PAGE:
Archive for the ‘Health care’ Category

Activist Whiplash

June 26, 2013

Yesterday the Voting Rights Act was gutted, which will cause who knows how many people to be disenfranchised.

Yesterday Obama gave a speech about global warming where he appropriately likened global warming denialists to flat earthers.

From yesterday through this morning Wendy Davis- and her supporters in the crowd- filibustered a bill which would have closed most of the abortion clinics in Texas and (further) compromised bodily autonomy for women.

Today, DOMA was ruled unconstitutional and Prop 8 was deemed a state matter. Which means that marriage is no longer being “defended” from consenting adults who wish to be married, and that my state is belatedly on the right side of this issue.

To say I have strong feelings about these things would be an understatement.

I will attempt to blog about each of them over the next week or so, along with writing about the SF Pride Parade – I will be marching with the atheist contingent – but first I just feel the need to breathe. Maybe after petting Sokka or having a cup of tea I will be able to write about all of this.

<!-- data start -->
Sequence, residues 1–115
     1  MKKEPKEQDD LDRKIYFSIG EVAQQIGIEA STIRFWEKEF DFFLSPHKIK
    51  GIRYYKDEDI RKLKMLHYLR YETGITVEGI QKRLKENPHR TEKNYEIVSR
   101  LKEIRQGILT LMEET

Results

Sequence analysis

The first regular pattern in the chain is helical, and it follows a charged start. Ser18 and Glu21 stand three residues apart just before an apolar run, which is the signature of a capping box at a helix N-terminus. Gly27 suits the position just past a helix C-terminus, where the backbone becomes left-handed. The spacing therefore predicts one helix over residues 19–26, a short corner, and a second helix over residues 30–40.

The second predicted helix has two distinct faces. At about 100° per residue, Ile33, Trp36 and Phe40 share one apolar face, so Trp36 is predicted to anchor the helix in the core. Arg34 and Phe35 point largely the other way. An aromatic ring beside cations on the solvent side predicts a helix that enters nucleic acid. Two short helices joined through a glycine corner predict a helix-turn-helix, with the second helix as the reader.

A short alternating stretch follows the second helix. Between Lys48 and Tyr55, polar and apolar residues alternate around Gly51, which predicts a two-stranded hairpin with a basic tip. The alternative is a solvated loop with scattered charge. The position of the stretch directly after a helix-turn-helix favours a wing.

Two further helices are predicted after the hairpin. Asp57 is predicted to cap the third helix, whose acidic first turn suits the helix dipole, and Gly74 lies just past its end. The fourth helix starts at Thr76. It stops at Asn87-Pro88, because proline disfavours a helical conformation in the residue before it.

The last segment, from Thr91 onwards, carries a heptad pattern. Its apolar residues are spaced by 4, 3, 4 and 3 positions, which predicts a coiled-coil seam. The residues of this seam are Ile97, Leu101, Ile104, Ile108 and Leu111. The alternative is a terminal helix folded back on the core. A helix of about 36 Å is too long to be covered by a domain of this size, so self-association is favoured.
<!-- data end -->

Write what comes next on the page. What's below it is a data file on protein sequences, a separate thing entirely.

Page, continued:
Republican House- Abort! Abort!

June 19, 2013

Republicans in the House of Representatives are once again voting to give the government – which Republicans often argue can’t do anything as well as private parties – more control over women’s bodies.

Republicans often display contempt of the government and push for privatization in such matters as social security, schools, Food and Drug oversight, mass public transportation

Considering this, the contempt Republicans must have for women while turning over their private decisions to the government is staggering to contemplate.

Okay, obviously that was disingenuous: it isn’t just contempt. It is a religiously motivated attempt to punish women for sex, to “hold them accountable for their actions.” To slut shame not just for now, but for a lifetime.

Here’s the thing: sex is not wrong. Non-consensual sex is wrong. Pregnancies are sometimes wrong. Whether because carrying your rapist’s baby is an emotional trauma, or because pregnancy is dangerous, or because you simply aren’t ready financially or emotionally to support and nurture a child or… for whatever other reason is personally the most important to you.

If you aren’t ready to be a parent, you are a better judge of that than anybody else. If you think you are ready to be a parent, that is where Dunning–Kruger effect might be coming into play.